My first crush was on my best friend in kindergarten. Sometimes I wished I were a girl because I wanted boys to like me back, and I was so sheltered that I didn’t know what “gay” meant.
Never lose hope. Sometimes hope will be all that you have.
If you don’t see any light, make your own.
Never lose hope. Sometimes hope will be all that you have. Never let someone or something get you to lose it.
I grew up in a highly religious LDS community for most of my life. So, things to do with the LGBTQ+ community were never really ever mentioned. When they were, it was usually negative and extremely vague. When I was young, I would play dress-up, play with dolls, and watch Barbie movies all the time (but I would never watch them without my sisters).
One of my favorite princesses to dress up as with my little sisters was Cinderella. I wished that I could have a fairy godmother like Cinderella did that would make me feel beautiful and desirable. My mom was always okay with it, and my dad was usually not around, so I had no idea what he thought of it or if he even noticed.
Some family members would get mad at my mom for letting me do what they thought were “girly” things because “doing those things would make me gay.” To this day, some people blame my mother for making me gay on purpose by letting me do things I wanted. It’s important to not take things like that personally; just remember the way those people were raised might have taught them to think that way.
Due to my father being alcoholic and other reasons, we moved around a lot. By the time I was eight I had moved about eight times. Each and every one was due to other people’s actions, never mine, and so I felt like I had no control in what happened with my life at that point.
Make the best of whatever situation you’re in. Sometimes it really, really sucks but it’s more manageable if you can see the light, and if you don’t see any light make your own little patch of light.
My first crush on another boy was in kindergarten. He was my best friend and one of the few guys that didn’t make fun of me for doing “girly” things. Sometimes I wished I were a girl because I wanted boys to like me back, and I was so sheltered that I didn’t know what gay meant. I was extremely confused and felt so alone for years.
Unrequited love will happen. No matter your gender or sexuality, you are going to experience it. Don’t ever take it personally, especially with straight people if you’re gay.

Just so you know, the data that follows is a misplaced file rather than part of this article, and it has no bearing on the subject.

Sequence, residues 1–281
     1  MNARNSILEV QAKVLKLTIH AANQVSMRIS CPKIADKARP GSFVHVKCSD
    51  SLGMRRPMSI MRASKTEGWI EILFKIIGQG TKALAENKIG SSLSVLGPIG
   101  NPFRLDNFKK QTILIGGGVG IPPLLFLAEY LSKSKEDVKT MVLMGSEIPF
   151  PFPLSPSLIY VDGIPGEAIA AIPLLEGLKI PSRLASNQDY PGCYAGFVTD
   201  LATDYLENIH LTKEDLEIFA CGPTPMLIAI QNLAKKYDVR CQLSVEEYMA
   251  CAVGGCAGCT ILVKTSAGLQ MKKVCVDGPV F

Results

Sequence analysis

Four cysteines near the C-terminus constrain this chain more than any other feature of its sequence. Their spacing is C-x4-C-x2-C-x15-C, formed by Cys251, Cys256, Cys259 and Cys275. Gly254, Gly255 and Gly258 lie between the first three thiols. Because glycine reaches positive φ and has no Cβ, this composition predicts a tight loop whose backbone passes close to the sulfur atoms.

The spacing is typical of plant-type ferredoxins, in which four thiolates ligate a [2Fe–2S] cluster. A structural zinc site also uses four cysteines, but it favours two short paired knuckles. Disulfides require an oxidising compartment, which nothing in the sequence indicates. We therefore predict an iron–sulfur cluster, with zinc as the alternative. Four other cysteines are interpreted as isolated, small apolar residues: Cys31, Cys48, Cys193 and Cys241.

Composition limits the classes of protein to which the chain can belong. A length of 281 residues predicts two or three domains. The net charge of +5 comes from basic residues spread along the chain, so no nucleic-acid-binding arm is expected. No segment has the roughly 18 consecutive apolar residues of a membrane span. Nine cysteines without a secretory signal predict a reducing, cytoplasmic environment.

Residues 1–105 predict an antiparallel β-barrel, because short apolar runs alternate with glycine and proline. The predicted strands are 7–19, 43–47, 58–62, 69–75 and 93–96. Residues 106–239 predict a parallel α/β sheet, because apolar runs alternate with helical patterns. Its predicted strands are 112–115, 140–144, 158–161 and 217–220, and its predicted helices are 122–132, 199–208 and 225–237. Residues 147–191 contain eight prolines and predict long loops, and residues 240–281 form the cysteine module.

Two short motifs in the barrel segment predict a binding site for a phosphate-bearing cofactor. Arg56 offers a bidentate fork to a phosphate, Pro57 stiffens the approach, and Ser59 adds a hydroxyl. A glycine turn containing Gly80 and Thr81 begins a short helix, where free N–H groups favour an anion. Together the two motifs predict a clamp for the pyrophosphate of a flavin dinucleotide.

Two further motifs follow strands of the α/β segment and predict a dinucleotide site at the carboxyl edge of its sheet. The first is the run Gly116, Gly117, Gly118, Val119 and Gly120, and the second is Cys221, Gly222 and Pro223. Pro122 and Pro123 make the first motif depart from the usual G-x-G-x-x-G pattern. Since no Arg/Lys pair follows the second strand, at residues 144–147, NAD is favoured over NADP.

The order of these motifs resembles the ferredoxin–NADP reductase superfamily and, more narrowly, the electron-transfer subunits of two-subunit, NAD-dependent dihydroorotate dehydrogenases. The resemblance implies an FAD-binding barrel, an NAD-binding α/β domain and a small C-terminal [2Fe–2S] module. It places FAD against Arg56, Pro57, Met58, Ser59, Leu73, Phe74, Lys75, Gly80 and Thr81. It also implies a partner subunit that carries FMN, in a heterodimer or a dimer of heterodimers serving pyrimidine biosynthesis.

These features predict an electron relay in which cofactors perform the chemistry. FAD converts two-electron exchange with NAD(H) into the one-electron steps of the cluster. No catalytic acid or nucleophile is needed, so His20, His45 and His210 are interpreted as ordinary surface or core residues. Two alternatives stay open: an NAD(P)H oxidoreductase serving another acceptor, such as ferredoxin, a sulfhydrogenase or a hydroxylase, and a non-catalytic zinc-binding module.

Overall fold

My parents had been divorced for several years before my mom remarried and we moved to Nevada. There I was harassed by several people calling me gay and a f*ggot. There, I finally learned what gay actually meant, and that I wasn’t the only one with these feelings. I felt less alone with that realization, but simultaneously felt cut off from anyone else like me, due to the fact that we lived in a tiny remote town. On top of that, my mother was at that time married to a very homophobic man. I felt like I couldn’t trust my own mother or almost anyone. I feared that if people knew how I felt, my life would be in danger. I felt so depressed, and I would start fights all the time because I didn’t know what to do. Thankfully, that marriage didn’t last.
Even if it doesn’t feel like life is getting any better, you are still in control of your own actions and happiness.
And if you need to, you can move far, far away as an adult.
Soon after, my grandparents came to visit for about a week. My grandma noticed I wasn’t in a good place mentally, and they took me to live with them. That saved my sanity. I went to school the last term of elementary at the school I went to first. I finished school with my friends from when I was younger. Thanks to my grandparents, I remembered what it was like to feel loved again and felt safe. I still wasn’t ready to come out, though. I was 12.
To me, my grandmother is the fairy godmother I always wished for. No, she doesn’t give me whatever I want. What she does much better than that is to always be there, help us with our needs and give us guidance. I am really lucky to have her.
When I finally started to come out, it was on a church trip in 2016. When people kept asking me, I finally quit denying it. Some people were like, “Cool, you do you.” Some people left me out or ignored me, and then there were the people that hated to an extreme for their age. The thing is, it has nothing to do with the church, it’s just how the world works. In my experience, the hater to supporter or indifferent ratio is about 1:6.
I didn’t come out to my parents until they found “come out to friends gay” in my search history. Don’t let your parents know last; otherwise, it can destroy trust. This is unless you have good reason not to do it. Only come out when you’re ready and put your safety first.
You don’t need to be loud to make a big difference.
When you don’t feel confident, fake it. It makes people feel like they can’t hurt you easily.
Don’t pay attention to stereotypes.
And never lose hope. Think about how many possibilities you’ll have throughout your life.